Why is the GAA blind to colour-blindness?

Photo: RTÉ

My heart sank when the draw for the Championship’s group stage was made. Not in terms of who we were bracketed with from a footballing perspective but instead because of the county colours involved. Not only were we paired in Group 1 with Cork but we would also be playing Louth, a team who don the same red and white strip as the Rebels.

As most regular readers of the blog will know, I’m colour-blind. While this disability – for that’s what it is – doesn’t impact me negatively in the normal course of events, for some things it can be a right pain.

Left to my own devices, my colour co-ordination where it comes to clothes, for example, can stray well beyond interesting. In addition, locating the brown ball on the snooker table used to be a repeated issue of much hilarity amongst my friends many years ago. Recently, the colour choice of a rucksack I’d bought provoked comment at home. I’d thought it was black, turns out it’s maroon.

You get the picture. Reds into greens into browns – they’re all the one to these eyes. Blues, purples and pinks – they all look lovely, I’m sure, whatever they are. What even is teal?

Where colour-blindness hits me particularly badly is at matches. If two teams are wearing – to my afflicted eyes – broadly the same colour tone on top and the same colour shorts, I’m in bother. This problem gets worse the more alike the two colours are and when the sun is shining brightly or if the game is being played under floodlights.

A team in a red top with white shorts playing a team in green and red with white shorts is a particularly egregious example of the problem I face. For the Louth game the other week what I saw was 28 players attired exactly the same, with only the goalkeepers clearly discernible. I already know it’ll be as bad again for the Cork game on Sunday.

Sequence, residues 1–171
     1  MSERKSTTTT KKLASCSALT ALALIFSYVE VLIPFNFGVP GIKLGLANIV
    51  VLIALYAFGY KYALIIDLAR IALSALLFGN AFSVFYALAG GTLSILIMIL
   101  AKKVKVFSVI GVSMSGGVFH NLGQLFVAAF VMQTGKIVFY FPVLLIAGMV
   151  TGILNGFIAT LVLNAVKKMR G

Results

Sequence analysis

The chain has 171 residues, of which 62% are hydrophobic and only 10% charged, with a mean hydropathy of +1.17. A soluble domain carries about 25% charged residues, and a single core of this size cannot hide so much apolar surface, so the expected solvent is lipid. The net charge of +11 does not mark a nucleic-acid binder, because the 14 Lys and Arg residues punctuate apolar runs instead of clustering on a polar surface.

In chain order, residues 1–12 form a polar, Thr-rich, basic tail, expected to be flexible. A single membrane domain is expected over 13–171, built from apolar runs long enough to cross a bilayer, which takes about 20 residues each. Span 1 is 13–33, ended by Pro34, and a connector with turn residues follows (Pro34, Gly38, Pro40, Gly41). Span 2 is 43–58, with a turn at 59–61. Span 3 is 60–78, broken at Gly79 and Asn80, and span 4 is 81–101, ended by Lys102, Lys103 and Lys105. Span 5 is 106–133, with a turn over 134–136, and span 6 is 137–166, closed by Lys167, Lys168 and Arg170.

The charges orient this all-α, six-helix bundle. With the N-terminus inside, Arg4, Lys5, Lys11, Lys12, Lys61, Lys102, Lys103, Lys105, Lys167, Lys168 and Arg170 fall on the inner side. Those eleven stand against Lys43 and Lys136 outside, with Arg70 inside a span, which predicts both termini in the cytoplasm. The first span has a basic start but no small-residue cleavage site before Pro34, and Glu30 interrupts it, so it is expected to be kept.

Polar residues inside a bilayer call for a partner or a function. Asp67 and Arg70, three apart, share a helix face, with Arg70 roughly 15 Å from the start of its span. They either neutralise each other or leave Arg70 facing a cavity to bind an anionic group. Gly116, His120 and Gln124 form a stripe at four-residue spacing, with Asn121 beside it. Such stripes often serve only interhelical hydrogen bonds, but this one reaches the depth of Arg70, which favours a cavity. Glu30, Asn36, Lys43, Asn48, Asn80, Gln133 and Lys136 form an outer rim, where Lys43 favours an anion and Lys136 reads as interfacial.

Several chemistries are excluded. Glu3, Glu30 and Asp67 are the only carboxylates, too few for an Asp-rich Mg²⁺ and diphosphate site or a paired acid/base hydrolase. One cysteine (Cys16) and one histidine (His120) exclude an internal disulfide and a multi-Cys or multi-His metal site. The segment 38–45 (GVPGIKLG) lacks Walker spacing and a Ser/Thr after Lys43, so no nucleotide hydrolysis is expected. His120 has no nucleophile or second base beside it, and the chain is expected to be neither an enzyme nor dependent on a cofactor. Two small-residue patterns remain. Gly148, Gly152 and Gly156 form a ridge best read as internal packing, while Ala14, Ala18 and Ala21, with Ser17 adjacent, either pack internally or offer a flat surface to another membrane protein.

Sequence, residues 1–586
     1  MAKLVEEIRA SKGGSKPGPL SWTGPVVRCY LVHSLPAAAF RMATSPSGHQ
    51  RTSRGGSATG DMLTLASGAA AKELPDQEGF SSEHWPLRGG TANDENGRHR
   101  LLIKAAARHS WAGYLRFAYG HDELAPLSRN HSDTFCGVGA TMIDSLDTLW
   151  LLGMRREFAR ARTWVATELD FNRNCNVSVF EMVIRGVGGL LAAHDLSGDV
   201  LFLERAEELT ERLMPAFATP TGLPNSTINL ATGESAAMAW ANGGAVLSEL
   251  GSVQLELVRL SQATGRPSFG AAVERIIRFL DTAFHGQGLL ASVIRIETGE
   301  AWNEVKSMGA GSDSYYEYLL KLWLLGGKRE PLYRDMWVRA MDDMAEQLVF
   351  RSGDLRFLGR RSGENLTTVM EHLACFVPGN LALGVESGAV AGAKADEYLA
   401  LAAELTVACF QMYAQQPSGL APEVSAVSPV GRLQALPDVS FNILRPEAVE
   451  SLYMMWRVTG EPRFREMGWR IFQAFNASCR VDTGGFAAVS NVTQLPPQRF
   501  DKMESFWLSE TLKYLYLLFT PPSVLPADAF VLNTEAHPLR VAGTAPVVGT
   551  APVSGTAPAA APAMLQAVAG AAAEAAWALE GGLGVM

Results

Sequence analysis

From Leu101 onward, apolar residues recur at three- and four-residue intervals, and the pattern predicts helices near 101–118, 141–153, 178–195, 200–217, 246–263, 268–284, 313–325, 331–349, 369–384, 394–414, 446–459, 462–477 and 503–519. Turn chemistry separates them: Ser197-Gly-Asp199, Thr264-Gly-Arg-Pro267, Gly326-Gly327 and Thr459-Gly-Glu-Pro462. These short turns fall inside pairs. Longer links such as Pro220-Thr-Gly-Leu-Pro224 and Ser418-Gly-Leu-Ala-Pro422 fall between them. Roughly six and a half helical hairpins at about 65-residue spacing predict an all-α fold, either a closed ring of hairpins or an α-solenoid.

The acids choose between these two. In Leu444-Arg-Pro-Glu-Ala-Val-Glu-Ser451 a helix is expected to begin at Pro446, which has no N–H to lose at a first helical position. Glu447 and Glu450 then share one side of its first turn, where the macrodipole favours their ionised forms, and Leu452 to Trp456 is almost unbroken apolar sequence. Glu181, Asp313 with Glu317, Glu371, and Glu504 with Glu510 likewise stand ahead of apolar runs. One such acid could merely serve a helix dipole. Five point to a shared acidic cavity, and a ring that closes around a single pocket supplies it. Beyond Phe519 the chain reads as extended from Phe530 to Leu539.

But it’s not just Red v Green and Red: all manner of colours cause me problems. For example, it’s difficult, in particular at a distance, to tell the likes of ourselves and Galway apart.

The problem is the similarity a colour-blind person perceives in colour tones. If these aren’t obviously different – and I mean very obviously different – then colour-blind people like me won’t be able to tell two sets of players apart.

The solution is a maddeningly simple one. If one team wears a dark-coloured top, then the other should wear a light-coloured one. Same with the shorts. That’s all that’s required. Is this asking too much?

The weird thing is that this rule appears to apply some of the time – for example, when we play Kerry – but not other times. In my world, the colour clash when playing Cork – and, as I now know, Louth as well – is far worse than when we’re playing Kerry but it’s only when we play Kerry that changed strips are used.

The GAA is doing great work at the present time on inclusivity and diversity, an initiative which I heartily applaud. But, as The Brother (who suffers the same affliction) has already pointed out here on the blog, inclusivity and exclusivity can take many different forms.

When faced with a football field peopled with two teams in playing strips that look pretty much identical to us benighted creatures who suffer from colour-blindness, the GAA’s approach to this disability looks anything but inclusive.

It’s high time that the GAA recognised this as a real issue facing a minority of its supporters and did something about it. Were it to do so in time for Sunday’s game that would be perfect but what are the chances of this happening? Sadly, this colour-blind punter isn’t holding out any hopes that they will.

52 thoughts on “Why is the GAA blind to colour-blindness?

  1. Excellent piece. Too often people are afraid to speak about a disability. I’ve always advocated that a team should always play in an away kit if there is any similarity in tone or colour. Fifa World cups have been like that for years

  2. Great piece WJ. I hope the GAA do something about this. One thought crossed my mind, are there many colour blind inter county players that would be willing to support this?